You can’t outsource management. At least upper management. That’s why they get paid ludicrous salaries and bonuses, but not employies. Got to remain competitive with India, dontcha know.

            Although in my experience, at least in software engineering, you don’t actually SAVE money offshoring jobs. It tends to cost more and take longer, but that comes during someone else’s tenure as upper management.

            In the short term, look at the savings! Two quarters and out is a pox upon American business.Report

            • BlaiseP in reply to Morat20 says:

              Outsourcing to India has been my personal salvation since about 1999. Doubled my billing rate. Started with GE Appliances receiving six fucked-up Java Servlet-based projects. GE set me and two other guys to re-interviewing every consultant in the place, about 200 of them. About a dozen survived the process.

              If it wasn’t for TCS and Infosys and Wipro fucking up everything, I swear I’d be back to making an honest buck.Report

              • Morat20 in reply to BlaiseP says:

                Outsourced stuff…*ugh*. You can’t outsource code like that unless you outsource the team requiring it (so they can do back-and-forth), OR write ridiculously rigid design docs in a Waterfall style (which most companies can’t do at all, much less do right).

                Which is expensive and hard to do correctly.

                And frankly, I’ve never been impressed with the end results of the work, even when the prep is done properly. (Which, as I said, it never ends. Companies outsource to save money quickly. Spending a ton of money doing front-end work doesn’t pretty up the bottom line. Instead it’s all done at the end, for several times the cost, and the final result is shit).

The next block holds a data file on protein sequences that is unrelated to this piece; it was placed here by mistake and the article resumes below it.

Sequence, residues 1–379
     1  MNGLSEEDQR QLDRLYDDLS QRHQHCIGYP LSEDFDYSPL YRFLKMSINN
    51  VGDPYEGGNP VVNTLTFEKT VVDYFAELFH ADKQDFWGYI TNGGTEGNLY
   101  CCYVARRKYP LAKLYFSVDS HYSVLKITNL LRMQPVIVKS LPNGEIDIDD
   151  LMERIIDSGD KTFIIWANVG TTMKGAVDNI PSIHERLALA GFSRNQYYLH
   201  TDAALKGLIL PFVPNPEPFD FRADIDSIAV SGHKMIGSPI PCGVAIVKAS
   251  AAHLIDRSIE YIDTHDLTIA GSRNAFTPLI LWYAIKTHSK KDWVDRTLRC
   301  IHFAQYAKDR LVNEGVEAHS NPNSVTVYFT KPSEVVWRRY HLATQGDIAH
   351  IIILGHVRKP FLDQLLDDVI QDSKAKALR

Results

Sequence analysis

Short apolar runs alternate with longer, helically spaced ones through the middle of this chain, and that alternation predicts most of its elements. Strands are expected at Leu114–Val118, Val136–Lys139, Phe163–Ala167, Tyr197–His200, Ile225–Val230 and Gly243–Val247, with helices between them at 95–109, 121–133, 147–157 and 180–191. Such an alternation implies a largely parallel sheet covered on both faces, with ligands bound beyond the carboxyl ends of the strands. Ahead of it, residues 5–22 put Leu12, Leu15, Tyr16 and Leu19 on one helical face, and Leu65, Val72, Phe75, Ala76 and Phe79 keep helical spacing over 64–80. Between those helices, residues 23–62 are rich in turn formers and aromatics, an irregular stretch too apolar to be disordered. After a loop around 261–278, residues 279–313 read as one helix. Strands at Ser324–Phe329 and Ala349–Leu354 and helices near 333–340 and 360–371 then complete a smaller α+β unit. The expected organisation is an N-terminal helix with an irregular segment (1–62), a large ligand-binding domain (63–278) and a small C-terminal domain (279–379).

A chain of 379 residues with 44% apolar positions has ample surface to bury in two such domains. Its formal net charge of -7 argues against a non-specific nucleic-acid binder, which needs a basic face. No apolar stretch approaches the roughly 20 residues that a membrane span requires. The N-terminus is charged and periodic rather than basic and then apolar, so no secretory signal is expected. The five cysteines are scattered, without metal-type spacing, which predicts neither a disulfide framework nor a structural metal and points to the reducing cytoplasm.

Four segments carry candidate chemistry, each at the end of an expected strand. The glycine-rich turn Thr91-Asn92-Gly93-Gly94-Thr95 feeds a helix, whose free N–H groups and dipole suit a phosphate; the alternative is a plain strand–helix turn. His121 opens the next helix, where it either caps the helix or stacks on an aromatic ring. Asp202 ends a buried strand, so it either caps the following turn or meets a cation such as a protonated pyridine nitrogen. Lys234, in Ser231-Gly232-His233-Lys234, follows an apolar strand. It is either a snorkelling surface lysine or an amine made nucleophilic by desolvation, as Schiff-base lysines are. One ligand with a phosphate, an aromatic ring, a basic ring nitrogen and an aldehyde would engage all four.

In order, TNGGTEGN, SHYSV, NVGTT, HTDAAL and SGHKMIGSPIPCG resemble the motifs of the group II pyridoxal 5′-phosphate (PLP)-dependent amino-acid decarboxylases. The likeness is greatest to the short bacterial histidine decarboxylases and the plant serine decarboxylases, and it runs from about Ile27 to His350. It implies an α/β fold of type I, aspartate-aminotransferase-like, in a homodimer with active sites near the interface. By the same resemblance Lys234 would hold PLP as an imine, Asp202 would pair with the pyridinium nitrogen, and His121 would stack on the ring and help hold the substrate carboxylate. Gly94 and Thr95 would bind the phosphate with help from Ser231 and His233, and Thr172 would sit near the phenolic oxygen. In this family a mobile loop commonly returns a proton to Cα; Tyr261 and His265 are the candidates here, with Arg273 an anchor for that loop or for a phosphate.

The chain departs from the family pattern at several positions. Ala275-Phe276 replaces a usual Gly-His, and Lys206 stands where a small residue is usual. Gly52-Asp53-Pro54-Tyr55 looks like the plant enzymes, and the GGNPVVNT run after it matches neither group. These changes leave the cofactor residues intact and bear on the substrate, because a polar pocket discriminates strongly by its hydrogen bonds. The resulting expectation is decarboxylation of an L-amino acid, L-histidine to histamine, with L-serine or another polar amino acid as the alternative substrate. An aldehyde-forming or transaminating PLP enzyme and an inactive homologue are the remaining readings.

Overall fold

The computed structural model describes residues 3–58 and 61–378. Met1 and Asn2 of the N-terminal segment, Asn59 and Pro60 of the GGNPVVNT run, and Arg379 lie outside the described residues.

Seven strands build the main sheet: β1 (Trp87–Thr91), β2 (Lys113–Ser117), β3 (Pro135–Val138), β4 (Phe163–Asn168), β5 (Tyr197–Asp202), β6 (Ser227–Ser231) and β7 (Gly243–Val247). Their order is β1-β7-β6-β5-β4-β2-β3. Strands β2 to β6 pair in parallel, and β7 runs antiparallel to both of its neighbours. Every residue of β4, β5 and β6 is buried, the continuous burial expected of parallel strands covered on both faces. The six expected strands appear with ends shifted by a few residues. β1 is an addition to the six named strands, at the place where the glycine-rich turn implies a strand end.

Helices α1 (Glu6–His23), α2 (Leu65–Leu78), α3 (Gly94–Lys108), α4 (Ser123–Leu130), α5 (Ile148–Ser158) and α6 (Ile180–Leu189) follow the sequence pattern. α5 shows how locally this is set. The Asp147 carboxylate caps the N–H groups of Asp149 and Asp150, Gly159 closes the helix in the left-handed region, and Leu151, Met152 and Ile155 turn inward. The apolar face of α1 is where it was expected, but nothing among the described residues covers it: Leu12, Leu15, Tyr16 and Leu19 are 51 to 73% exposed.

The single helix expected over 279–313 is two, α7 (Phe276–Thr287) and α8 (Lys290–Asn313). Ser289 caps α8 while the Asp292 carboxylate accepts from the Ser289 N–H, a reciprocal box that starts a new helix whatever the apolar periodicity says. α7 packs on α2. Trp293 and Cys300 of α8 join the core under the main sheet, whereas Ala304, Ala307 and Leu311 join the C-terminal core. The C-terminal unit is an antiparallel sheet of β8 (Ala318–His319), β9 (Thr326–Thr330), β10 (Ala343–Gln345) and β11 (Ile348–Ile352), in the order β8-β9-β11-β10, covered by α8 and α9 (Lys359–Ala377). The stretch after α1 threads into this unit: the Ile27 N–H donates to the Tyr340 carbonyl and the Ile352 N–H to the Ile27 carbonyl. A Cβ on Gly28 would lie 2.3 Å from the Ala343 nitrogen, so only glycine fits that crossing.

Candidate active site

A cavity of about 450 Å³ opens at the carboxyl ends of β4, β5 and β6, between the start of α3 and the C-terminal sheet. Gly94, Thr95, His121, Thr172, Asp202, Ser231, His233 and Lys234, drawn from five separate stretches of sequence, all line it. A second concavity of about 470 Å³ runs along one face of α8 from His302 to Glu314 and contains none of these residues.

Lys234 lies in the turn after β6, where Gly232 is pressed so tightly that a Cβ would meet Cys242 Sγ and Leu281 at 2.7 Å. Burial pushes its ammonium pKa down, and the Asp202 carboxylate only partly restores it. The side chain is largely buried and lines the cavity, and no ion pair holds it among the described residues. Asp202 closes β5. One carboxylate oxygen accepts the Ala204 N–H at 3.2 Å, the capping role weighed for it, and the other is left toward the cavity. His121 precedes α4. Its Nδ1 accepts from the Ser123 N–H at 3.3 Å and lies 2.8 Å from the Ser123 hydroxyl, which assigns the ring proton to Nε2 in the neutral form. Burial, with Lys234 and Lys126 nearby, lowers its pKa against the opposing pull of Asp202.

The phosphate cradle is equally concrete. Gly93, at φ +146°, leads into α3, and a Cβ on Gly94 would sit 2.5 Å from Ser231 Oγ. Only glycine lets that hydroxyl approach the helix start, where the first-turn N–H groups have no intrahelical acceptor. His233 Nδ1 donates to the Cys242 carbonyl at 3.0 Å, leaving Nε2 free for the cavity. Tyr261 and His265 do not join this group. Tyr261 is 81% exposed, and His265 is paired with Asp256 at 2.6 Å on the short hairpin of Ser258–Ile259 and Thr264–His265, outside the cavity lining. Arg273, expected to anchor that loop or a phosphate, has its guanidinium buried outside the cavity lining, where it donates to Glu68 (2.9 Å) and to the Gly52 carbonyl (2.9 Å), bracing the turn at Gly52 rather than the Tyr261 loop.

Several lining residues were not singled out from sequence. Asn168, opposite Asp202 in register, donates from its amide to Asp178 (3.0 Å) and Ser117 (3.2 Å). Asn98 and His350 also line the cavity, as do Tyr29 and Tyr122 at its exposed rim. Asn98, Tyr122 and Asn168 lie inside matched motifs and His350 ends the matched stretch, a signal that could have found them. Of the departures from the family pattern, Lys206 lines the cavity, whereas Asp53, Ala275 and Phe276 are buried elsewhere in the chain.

I’ve seen Waterfall done right. I’ve seen big projects that are widely seperated from end-users work. But the stuff shipped overseas always seems to end up generic and — at best — just an approximate solution that’s better than nothing.

                At worst? It’s an utter shit fest that requires expensive talent brought in to fix.Report

              • BlaiseP in reply to Morat20 says:

                These firms are run by idiots. The fish rots from the head. If these systems were designed by the people who used them, they’d be simple and obvious and extensible.

                But since these systems are controlled by a collection of empty-headed frat boys with their heads stuffed full of MBA horse shit, all glad-handing each other and giving each other big raises, we shouldn’t be surprised to see them treat enterprise software development exactly like they treat their employees.

                Really, I have nothing but contempt for most of the people who pay me to fix this shit. They’re ruining this country. I just can’t seem to get away from it, this fixing broken shit. Just picked up a gig this week, 90% of the tables go unused and none of them are normalised and there are no indexes. The front end is implemented in the worst PHP you ever saw. Username and password hanging out in the open, naked as a baboon’s ass.

                When I read stuff like I don’t like the ‘living wage’ movement and I was certainly no fan of the Occupy movement. But as a parent and someone who will need to remain employed for the next 30 years or so, I can’t help but fear for the day when innovation might someday make me obsolete. I just secretly laugh. The reason he’s afraid in the second sentence is because he sorta understands the consequences of the first sentence. Oh, Mike may not like the idea of a living wage. He may think the Occupy folks are full of shit. But that’s okay. People like me are the logical outcome of that sort of thinking.